At a recent conference in Abu Dhabi, a confidant of the emirate's crown prince vented his frustration over the downfall of a major ally who Gulf Arab rulers once thought was as entrenched in power as they are.
"How could someone do this to him? He was the spiritual father of the Middle East. He was a wise man who always led the region," the aide told Reuters. "We didn't want to see him out this way. Yes, people want democracy but not in this manner. It's humiliating!"
But yesterday's strongman is today's fallen dictator. Brought down in three weeks of protests in Egypt that took his allies by surprise, Hosni Mubarak now faces prosecution on accusations of abusing influence to enrich himself and ordering police to open fire on protesters who toppled him 75 days ago.
Gulf newspapers have carried days of angst-ridden commentary on the stunning denouement. "There is a very real danger that mob rule is destroying Egypt's reputation, stability and economy," Khalaf Al Habtoor, head of a leading merchant family in Dubai, wrote in an angry article in the Gulf News last week.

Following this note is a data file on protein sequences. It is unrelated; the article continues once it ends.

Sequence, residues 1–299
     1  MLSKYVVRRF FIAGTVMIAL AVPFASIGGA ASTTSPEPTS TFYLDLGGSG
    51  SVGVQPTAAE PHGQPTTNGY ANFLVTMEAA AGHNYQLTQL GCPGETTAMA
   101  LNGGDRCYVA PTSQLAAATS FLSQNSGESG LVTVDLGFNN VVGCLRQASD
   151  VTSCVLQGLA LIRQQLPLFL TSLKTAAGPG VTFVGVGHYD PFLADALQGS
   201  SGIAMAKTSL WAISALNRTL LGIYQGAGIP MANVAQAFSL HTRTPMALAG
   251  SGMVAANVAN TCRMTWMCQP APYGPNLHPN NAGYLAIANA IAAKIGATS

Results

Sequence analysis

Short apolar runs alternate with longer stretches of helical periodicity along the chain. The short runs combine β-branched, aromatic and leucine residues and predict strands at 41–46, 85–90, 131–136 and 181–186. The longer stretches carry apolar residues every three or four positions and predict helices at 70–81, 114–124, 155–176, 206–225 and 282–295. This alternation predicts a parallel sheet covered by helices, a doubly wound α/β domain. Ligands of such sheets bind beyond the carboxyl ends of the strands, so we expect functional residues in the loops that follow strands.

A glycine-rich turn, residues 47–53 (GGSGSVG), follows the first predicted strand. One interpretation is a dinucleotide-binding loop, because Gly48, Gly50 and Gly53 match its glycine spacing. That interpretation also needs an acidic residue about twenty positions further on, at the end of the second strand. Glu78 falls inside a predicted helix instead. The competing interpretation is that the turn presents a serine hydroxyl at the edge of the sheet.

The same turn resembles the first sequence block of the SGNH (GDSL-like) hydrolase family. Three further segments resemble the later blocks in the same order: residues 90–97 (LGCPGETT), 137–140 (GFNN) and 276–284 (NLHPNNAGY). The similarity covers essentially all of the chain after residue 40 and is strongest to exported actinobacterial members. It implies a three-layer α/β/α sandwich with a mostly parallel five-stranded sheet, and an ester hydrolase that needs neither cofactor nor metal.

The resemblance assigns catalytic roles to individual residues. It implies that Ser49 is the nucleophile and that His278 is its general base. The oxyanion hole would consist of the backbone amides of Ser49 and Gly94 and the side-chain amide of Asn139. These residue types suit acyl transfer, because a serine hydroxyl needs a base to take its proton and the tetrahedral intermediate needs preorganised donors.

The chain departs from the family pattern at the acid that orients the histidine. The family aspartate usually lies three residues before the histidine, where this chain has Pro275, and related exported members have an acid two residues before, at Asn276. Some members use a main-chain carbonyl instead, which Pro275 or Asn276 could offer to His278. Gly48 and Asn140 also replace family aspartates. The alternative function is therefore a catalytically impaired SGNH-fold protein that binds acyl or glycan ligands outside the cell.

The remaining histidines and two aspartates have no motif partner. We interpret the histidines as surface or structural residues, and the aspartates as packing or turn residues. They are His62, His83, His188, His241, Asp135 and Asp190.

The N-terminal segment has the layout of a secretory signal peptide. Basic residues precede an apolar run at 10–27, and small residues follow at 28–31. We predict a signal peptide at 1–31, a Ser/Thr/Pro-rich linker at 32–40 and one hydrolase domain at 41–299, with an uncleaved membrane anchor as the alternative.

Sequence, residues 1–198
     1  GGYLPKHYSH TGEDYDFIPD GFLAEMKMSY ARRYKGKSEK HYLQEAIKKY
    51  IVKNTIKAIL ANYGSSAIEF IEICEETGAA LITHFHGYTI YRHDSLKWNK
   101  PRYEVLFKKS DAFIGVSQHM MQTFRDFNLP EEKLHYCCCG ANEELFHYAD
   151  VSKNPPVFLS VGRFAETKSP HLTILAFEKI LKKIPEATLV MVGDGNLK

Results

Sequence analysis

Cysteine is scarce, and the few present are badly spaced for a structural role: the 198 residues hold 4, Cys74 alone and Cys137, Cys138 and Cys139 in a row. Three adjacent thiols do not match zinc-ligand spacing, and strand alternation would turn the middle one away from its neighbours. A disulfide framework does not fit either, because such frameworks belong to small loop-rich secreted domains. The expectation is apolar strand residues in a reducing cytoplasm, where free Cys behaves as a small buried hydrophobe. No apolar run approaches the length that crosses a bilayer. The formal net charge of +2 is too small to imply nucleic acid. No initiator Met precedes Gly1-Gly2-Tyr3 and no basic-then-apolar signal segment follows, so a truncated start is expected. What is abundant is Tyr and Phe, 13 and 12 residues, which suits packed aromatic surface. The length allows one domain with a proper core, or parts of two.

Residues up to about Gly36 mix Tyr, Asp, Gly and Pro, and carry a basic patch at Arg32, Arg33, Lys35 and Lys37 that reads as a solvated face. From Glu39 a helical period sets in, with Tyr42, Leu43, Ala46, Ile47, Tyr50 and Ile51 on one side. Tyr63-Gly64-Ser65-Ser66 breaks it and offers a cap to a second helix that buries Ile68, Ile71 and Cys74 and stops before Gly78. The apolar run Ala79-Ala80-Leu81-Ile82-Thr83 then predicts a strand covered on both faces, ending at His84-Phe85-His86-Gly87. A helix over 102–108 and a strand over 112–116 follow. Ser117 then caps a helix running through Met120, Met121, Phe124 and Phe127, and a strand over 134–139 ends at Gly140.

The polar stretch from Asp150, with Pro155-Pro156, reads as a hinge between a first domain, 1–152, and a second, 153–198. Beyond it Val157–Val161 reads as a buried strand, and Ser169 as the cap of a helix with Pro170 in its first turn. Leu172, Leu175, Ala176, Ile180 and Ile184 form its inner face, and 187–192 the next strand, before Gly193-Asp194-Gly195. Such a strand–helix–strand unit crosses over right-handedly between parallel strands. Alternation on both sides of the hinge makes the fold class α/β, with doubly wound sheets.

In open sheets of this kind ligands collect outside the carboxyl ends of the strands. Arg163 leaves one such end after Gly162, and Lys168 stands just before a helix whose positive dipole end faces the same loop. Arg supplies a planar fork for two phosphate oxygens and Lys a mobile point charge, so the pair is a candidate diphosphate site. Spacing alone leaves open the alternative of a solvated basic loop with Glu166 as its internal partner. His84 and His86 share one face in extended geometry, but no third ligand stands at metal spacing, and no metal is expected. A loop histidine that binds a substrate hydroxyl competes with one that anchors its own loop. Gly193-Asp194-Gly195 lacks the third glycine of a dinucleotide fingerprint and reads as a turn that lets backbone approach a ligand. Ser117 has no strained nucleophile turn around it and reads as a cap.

Mubarak was not only a friend of Gulf Arab rulers, he was a vital part of Arab political architecture during his three decades in power, setting the standard on Arab approaches to the Israeli-Palestinian conflict and offering Saudi Arabia and Gulf countries solid backing in their long cold war with Iran.
Now that he has gone, the Gulf has seen those shibboleths challenged and governments are scrambling to limit the damage.
"There's no doubt the Saudis are very concerned about Egypt's new foreign policy orientation. Egypt has already in a short amount of time shifted its foreign policy," said Shadi Hamid, analyst at the Brookings Centre in Qatar.
Egypt's ruling military council allowed two Iranian warships to pass through Egypt's Suez Canal in February, despite loud objections from Israel and irritation in Washington -- a sign that the new Egypt wanted to play by a different set of rules.